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Reorganization Agreement – some details

April 20, 2007 pm30 8:43 pm

Some agreement was reached yesterday. Leo Casey posted some details on Edwize late this morning.  I am especially concerned about the “hold harmless” language. It reads like a slippery proposition to me.

Here’s what Leo wrote:

Here are the agreement’s key components:


  • No school will have its budget cut as a result of the new funding formulas for the next two school years [2007-08, 2008-09]. Schools with large numbers of high needs students will receive additional funding, without a reduction of funding to other schools.

(continues below the fold–>)

  • A “hold harmless” protection in the hiring of teaching staff. Schools can hire new teachers with the same experience and salary level as teachers who leave, at no extra cost.

  • Extra funding for English Language Learners, special education students, and low income students, in order to provide them with the supports they need to succeed in school.

  • The UFT reserves the right to pursue its grievance against the inclusion of teacher salaries in the ‘open market’ transfer system.

  • A task force including the UFT, the NY Immigrant Coalition, and the Annenberg Institute at Brown University to evaluate the impact of Fair Student Funding and to recommend refinements.


The DOE must now consult the UFT, NYers for Smaller Class Size and other stakeholders in the implementation of the new law on class size reduction. The UFT and NYers for Smaller Class Size can still fight for the best possible State Education Department regulations governing the law’s implementation.


The DOE commits that existing tenure criteria will remain in effect for 2007-2008. Any changes beyond 2007-2008 will conform to the new state law. The UFT will participate in the process of developing any changes.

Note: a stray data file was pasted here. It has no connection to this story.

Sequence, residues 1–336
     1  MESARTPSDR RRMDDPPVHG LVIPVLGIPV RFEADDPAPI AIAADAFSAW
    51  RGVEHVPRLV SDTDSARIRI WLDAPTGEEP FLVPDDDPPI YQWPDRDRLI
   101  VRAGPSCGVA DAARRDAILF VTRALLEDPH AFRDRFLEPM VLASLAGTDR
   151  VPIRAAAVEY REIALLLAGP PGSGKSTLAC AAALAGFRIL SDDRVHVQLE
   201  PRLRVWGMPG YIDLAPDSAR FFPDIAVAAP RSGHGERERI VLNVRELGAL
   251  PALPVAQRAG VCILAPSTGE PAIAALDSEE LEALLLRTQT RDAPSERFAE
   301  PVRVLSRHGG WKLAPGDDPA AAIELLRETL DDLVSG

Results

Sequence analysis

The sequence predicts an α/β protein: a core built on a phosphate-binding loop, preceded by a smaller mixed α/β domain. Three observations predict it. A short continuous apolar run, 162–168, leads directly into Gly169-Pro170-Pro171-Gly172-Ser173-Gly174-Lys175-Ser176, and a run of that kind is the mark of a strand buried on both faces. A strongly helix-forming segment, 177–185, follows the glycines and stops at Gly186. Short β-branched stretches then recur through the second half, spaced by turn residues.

The DOE has committed to a Middle School initiative, working with the City Council Task Force on Middle Schools and the Coalition for Educational Justice, to overhaul instruction in the middle schools. A pilot project to implement new strategies in at least 50 schools will start in the 2007-08 school year.


The DOE will establish a parent engagement committee, with representation from appropriate stakeholders, to develop systems and processes for improving parent engagement and ensuring that every school has a well-functioning School Leadership Team.


A commitment to work with the Urban Youth Collaborative on improving college and career preparedness, graduation rates and college admissions among high school students.

Areas of disagreement remain between the city and coalition member organizations. At the announcement of the agreement, UFT President Randi Weingarten expressed ongoing concerns about the reorganization. But this agreement is an important first step in Putting The Public Back In Public Education, as a result of the campaign waged since January by the Coalition and by elected officials. The voices of educators, parents and students are finally being heard.



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